In this post, we will look at how data science can be used to improve mechanical and materials engineering in the semiconductor manufacturing industry by summarizing the work that Pivotal’s Data Science team did for a real-world customer.
As in any manufacturing or engineering process, it is always best to “fail fast”. Early detection saves wasted materials and effort, and can also be invaluable for safety. While working with a semi-conductor company, we set out to systematically identify defect patterns on a wafer earlier in manufacturing, and tie them back to the production process for root cause analysis.
For background, there are a couple vocabulary terms that are useful for this case study:
Die: a small block of a semiconducting material on which a circuit is fabricated.
Wafer: is substrate which consists of multiple dies.
Wafer prober: used to test for functional defects for dies on a wafer.
Wafers move through a long series of steps through the manufacturing process in groups of approximately 25. The wafers are tested to characterize the dies on the wafer as good or bad, generating a wafer bin map (WBM) that shows the specific test for which a die has failed. If a wafer consists of more than a threshold of dies that are not functional, then it is discarded.
Illustrated in the diagram below, the process is a multi-step de-noising, preprocessing, feature extraction, dimensionality reduction, outlier detection, and clustering to show how yield and profitability are improved.
[H2]De-Noising and Preprocessing
For simplicity, each die is considered failed if it fails at least one test, otherwise it is considered functional. Fails are marked as 1, and passes are marked 0. Since we are working to identify a pattern in the failures, we need to reduce the noise and enhance the signal.
To reduce the noise, we used a median filtering technique, where the median value of die failures in a bin neighborhood is used to replace the central bin value.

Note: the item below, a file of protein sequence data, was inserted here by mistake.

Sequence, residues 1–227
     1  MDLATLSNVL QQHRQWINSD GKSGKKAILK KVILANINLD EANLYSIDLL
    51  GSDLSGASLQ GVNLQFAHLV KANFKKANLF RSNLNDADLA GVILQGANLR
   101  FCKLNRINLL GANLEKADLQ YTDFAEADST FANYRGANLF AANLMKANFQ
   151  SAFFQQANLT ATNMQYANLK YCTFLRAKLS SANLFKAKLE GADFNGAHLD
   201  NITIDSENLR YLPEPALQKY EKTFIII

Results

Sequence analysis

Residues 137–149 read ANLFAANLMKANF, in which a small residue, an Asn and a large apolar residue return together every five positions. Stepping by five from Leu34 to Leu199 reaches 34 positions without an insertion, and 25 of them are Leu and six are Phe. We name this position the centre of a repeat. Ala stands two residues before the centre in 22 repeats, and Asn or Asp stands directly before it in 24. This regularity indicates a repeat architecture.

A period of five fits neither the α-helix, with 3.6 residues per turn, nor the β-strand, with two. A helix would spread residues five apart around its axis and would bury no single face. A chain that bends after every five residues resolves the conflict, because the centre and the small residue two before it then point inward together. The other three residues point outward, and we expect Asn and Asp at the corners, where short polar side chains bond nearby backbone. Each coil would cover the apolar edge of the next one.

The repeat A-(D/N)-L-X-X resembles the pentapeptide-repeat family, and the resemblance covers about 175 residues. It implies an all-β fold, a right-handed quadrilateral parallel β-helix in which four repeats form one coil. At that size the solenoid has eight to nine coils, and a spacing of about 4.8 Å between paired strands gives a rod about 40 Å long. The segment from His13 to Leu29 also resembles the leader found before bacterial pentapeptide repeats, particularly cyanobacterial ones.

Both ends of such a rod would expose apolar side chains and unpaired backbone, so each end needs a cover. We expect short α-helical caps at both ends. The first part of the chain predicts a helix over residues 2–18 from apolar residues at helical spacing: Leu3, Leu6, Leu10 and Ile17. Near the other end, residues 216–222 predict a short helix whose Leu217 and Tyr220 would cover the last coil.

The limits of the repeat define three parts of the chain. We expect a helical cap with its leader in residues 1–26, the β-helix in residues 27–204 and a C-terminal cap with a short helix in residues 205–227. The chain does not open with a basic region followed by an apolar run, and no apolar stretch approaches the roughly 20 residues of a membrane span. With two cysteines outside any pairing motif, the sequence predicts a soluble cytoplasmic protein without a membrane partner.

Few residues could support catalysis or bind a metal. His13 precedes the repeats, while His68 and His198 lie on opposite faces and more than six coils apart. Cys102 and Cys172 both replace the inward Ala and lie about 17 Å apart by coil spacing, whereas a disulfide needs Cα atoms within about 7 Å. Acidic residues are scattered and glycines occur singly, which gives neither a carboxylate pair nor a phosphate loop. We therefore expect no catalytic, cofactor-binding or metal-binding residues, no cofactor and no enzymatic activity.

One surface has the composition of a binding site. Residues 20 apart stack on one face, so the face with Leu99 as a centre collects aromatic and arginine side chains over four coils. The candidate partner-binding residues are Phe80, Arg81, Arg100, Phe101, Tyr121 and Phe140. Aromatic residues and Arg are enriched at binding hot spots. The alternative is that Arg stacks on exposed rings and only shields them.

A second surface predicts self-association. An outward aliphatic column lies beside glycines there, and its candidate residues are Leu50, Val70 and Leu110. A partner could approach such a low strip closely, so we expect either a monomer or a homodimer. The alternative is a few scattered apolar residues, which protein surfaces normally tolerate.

Fig. 1: Wafer bin map images before (left) and after (right) denoising. Blue
color denotes that the die on the wafer has failed, while red denotes that
the die has passed.
Next we need to extract features from the wafer by creating a feature vector. Starting from top left position to bottom right position, we mapped out a 1519-dimensional binary feature vector, representing all the positions of die failures on the wafer.
Since 1519 is a lot of dimensions to work with, we decided to use a feature reduction technique called Non-negative Matrix Factorization (NMF). The advantages here are threefold—we can take into account the collinearity in the dies; we can reduce the computational complexity; and, we can provide better means of visualization. In this step, the feature vectors from all the wafers are first arranged in the form of a matrix.
Fig. 2: Visualizing 130 wafers in two dimensions after dimensionality reduction.
[H2]Outlier Detection and Clustering
Since outliers do not fall into any specific pattern, we next needed to remove the outliers from the wafer data. To do so, each wafer is first represented in a lower dimensional space with K dimensions, using the NMF technique described above. For visualization purposes the data is reduced to a two-dimensional space which shows there are clear outliers in the data.
For each point, the sum of Euclidean distances to every other point is calculated. If a point has a greater distance from all other points, the score will be higher, and the point is deemed an outlier. The outlier scores for each of the 130 wafers are shown in Fig. 3.
Note: Alternative outlier detection measures like Local Outlier Factor (LOF) can also be used, where distance from K-nearest neighbors is used to calculate the density of a point and detect outliers.
Fig. 3: Outliers scores for 130 wafers using Euclidean distance
Once the outlying wafers are removed, the remaining wafers are clustered to obtain wafer groups. A k-means clustering algorithm, available through the newly incubating Apache MADlib project, is used to group the wafers into 20 clusters with random initial seeding. Shown in Fig. 5, wafers with similar defect patterns were grouped into one cluster.
Note: We chose the number 20 randomly, however a simulation based approach could be used to tune this parameter.
Fig. 5: Wafers belong to a single cluster having same defect pattern (defect in the center). Blue color denotes that the die has failed, while red denotes it passed.
Once we established the defect patterns from the wafers, we were then able to correlate these failures back to the specific process parameters of this manufacturer for root cause analysis and we were able to generally improve profitability of this manufacturing process.
For more on this case study, see the full story on the Pivotal Data Science blog.